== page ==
|Publication number||US4068763 A|
|Application number||US 05/708,800|
|Publication date||Jan 17, 1978|
|Filing date||Jul 26, 1976|
|Priority date||Jul 26, 1976|
|Publication number||05708800, 708800, US 4068763 A, US 4068763A, US-A-4068763, US4068763 A, US4068763A|
|Inventors||C. Administrator of the National Aeronautics and Space Administration with respect to an invention of Fletcher James, Leendert Kersten, James D. Johnston|
|Original Assignee||Nasa, Leendert Kersten, Johnston James D|
|Export Citation||BiBTeX, EndNote, RefMan|
|Patent Citations (4), Referenced by (59), Classifications (12)|
|External Links: USPTO, USPTO Assignment, Espacenet|
The invention described herein was made in the performance of work under a NASA contract and is subject to the provisions of Section 305 of the National Aeronautics and Space Art of 1958, Public Law 85-568 (72 Stat. 435; 412 U.S.C.2457).
Mechanical manipulator arms terminating in some type of mechanical hand or gripping device (end-effector) are commonly employed on space vehicles for performing planetary explorations, and satellite and space shuttle operations. The manipulator arms and the joints thereof together with the end-effector are usually remotely controlled by a closed-loop guidance system commonly known as a teleoperator. Teleoperators normally include a guidance loop having an electronic eye device such as stereo television and a man in the loop to remotely control the manipulator arm and hand through motorized pivot joints.
During the past several years an increased effort in manipulator design has been directed mainly toward the actual control of the manipulator with or without the attached end-effectors in order to perform special tasks from a remote position. As important as this research is, it should be realized that the degree of control sophistication is directly proportional to the degree of manipulator joint and end-effector sophistication.
It seems that enough effort has not been directed to the design and improvement of the various joints, their drives and their configurations. The practice of present day equipment-designers seems to point to the separation of yaw, pitch and roll motion by physical distances, especially in the wrist joint located at the terminal end of the manipulator arm upon which the end-effector is carried. This practice makes the solution of the mathematical equation, which defines the relative position of the terminal end of the manipulator and which is utilized in the control system, a rather difficult task.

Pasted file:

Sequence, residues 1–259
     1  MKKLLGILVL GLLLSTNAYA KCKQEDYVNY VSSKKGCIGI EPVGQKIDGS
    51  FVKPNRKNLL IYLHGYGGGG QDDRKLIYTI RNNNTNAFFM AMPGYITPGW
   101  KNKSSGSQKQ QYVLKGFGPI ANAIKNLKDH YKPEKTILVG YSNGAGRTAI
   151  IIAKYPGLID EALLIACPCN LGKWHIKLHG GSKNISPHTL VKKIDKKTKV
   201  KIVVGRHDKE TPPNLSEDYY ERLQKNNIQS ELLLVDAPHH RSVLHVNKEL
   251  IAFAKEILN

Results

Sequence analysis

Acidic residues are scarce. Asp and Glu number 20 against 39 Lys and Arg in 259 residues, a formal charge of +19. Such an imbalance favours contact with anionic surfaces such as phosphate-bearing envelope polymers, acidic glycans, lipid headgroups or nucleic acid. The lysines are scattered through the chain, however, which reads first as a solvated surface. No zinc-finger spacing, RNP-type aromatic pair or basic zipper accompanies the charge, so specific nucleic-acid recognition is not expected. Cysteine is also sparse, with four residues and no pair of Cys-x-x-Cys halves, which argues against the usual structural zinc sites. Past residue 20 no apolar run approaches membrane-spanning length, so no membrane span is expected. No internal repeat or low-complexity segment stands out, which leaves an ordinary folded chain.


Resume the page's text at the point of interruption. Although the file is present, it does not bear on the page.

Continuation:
Also, past joint designs have resulted in several configurations of acceptable, small physical shape but which show externally applied drive and several mechanisms. These devices thus nullify the objective of improved visibility around the joint.
For space application the joints with bulky configurations cannot be accepted since many tasks will have to be performed in the "shadow-side" and requiring illumination from sources on the teleoperator. These requirements demand a maximum of visibility.
In many present day designs of manipulator arms the wrist joint configuration has been simplified to the degree that not three but two motions occur in the wrist joint whereas the third motion is supplied by the shoulder of the manipulator arm or is completely ignored altogether. For those arms that have three degrees of freedom in the wrist joint, the actual configurations produce, in some cases, a very bulky joint which does not provide for the required visibility referred to above.
The task at present is to design a wrist joint assembly which is better than what is currently available yet conforms to the rules of sound kinematic manipulator design. The present invention provides such a new device which has been successfully demonstrated.
The invention relates to a wrist joint assembly used with a mechanical manipulator arm for moving and finely positioning an end-effector such as mechanical hand carried by a wrist joint on the terminal end of the manipulator arm. The wrist joint assembly includes a disk segment having an outwardly extending arm affixed to the terminal end of a manipulator arm, and a first housing member having a pair of shell members rotatably carried on the disk segment. A first drive means is provided for rotating the first housing member about a first axis coinciding with the axis of the disk segment to produce a yaw motion.
A second housing member is rotatably carried by said first housing member pivotable about a second axis extending through the first housing member and normal to the first axis. A second drive means is connected between the second and first housing members for rotating the second housing member about the second axis to produce a pitch motion. The second housing is moved in both the yaw and pitch motions.
A third housing member is rotatably carried by the second housing member about a third axis normal to the plane of the first and second axes so that the first, second and third axis are mutually normal to each other and have a common point of origin. A third drive means is connected between the third and second housings for rotating the third housing about the third axis to produce a roll motion. The third housing member is thus movable in accordance with the yaw, pitch and roll motions to provide for fine positioning of the end-effector carried by the third housing member.
Accordingly, an important object of the present invention is to provide a manipulator arm wrist joint having three degrees of freedom wherein the three degrees are provided about three mutually perpendicular axes of rotation having a common point of rotation.